“The Alberta Government wishes to express our opposition to Bill C-377, An Act to amend the Income Tax Act (requirements for labour organizations). We believe this Bill infringes on provincial jurisdiction over labour relations legislation and, if passed it will compromise the capacity of unions to advocate effectively on behalf of their members.”

4. It will damage labour relations:

UNIFOR President Jerry Dias:

“We usually know little about the financial situation of employers, especially those that are privately-owned. The disclosure requirements would greatly upset the balance of power between unions and employers, and limit the ability of union members to meaningfully exercise their right to collectively bargain.”

5. Even the National Hockey League’s Players Association is against it:

NHLPA President Donald Fehr:

“The NHLPA also administers a licensing program on behalf of our members under which third parties are granted the right to use players’ names and/or images in products such as video games, player trading cards, and NHL team jerseys and apparel. In the ordinary course the parties with whom we work have a reasonable expectation that the terms of such agreements will not be made public, and requiring disclosure could well make it more difficult for us to conduct those negotiations, reach and administer those agreements.”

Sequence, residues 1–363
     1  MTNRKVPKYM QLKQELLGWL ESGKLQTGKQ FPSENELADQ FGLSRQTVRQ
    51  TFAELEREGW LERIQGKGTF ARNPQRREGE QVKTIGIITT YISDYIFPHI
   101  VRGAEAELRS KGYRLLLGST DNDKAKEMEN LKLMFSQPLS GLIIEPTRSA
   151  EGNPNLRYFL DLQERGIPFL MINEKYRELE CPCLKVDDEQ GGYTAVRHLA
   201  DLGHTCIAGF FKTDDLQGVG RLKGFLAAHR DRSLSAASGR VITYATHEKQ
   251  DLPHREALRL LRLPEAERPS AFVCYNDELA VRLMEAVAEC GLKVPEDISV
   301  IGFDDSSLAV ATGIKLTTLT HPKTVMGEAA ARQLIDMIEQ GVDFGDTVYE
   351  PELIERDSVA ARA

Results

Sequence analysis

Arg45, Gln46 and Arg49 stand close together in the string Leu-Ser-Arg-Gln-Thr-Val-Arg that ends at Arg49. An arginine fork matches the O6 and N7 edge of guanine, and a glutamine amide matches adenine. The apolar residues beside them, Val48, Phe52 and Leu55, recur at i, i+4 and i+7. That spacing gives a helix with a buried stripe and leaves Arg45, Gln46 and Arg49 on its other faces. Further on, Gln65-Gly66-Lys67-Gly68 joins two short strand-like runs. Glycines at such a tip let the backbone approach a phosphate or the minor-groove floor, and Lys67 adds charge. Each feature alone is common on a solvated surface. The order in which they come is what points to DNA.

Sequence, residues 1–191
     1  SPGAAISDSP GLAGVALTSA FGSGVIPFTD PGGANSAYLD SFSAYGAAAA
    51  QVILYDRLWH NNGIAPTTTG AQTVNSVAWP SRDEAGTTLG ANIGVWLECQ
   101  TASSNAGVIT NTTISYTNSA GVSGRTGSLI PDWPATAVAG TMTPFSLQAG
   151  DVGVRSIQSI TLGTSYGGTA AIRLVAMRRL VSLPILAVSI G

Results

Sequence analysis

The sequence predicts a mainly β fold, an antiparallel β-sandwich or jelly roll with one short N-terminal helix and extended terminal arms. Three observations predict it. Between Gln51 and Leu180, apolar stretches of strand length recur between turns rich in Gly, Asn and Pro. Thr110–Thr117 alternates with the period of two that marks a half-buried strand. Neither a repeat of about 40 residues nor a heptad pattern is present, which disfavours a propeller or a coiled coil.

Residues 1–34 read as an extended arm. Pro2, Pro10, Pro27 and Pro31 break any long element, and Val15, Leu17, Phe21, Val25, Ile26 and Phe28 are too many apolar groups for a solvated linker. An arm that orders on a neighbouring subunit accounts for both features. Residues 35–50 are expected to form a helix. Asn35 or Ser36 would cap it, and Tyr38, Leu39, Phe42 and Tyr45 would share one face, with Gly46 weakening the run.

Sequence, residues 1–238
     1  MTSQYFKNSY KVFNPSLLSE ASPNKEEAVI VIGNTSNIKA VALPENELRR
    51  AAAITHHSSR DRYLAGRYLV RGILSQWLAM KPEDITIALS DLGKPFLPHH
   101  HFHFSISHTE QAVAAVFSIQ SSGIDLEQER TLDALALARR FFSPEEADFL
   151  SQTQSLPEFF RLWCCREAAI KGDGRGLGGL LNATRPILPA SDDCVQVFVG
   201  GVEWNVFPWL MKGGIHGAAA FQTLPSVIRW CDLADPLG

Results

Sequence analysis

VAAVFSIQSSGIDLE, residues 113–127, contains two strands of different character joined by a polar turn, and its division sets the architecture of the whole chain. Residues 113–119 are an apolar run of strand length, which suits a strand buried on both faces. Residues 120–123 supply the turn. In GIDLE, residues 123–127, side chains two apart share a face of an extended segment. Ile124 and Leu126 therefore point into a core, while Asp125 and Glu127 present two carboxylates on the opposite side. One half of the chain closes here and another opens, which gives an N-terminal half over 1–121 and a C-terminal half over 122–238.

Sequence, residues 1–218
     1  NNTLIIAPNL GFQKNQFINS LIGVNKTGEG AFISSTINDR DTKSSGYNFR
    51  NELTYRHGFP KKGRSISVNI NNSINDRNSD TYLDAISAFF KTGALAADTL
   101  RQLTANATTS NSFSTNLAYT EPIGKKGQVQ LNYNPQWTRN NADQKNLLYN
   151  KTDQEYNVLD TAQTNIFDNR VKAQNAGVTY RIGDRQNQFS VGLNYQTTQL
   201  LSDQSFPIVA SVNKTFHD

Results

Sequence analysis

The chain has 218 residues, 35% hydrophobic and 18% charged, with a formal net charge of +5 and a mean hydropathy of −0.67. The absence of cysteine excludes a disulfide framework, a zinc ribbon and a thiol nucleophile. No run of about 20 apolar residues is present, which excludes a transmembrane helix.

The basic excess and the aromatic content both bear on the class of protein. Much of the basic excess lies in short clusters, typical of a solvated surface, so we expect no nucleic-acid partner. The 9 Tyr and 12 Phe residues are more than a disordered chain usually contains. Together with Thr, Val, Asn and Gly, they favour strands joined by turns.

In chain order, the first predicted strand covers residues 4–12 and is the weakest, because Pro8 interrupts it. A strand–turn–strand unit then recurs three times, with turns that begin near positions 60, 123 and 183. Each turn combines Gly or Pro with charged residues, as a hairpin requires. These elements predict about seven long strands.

6. It’s anti-conservative (according to a former Conservative senator):

Former Conservative Senator Hugh Segal:

“Conservatism in the Canadian Tory context is not about the protection of class or the oppression of labour by capital or capital by labour; it is about a freedom tied to mutual respect, whatever legitimate disagreements, between all the participants in the mixed free-market system. This bill before us, whatever may have been its laudable transparency goals, is really — through drafting sins of omission and commission — an expression of statutory contempt for the working men and women in our trade unions and for the trade unions themselves and their right under federal and provincial law to organize.

It is divisive and unproductive.”

7. Conservative MPs and Senators are hypocrites for backing C-377

CUPE President Paul Moist:

“Bill C-377 is also, in my view, extraordinarily hypocritical, given that MPs fully paid by the public purse only publicly disclose one schedule with 14 lines of information, and the government amended a private member’s bill recently requiring disclosure of public sector salaries; only those over $444,000, quadruple the amount of the forced disclosure in Bill C-377 for labour officials, because labour dues are tax deductible.”

Conservative Senator Donald Plett, who was later flagged for inappropriate expenses by the Auditor General:

This institution is transparent. Quarterly you can go on the website and check every dollar I spend. Canadians deserve that. They deserve nothing less than to know where their tax dollars are going. They know exactly where my tax dollars are going.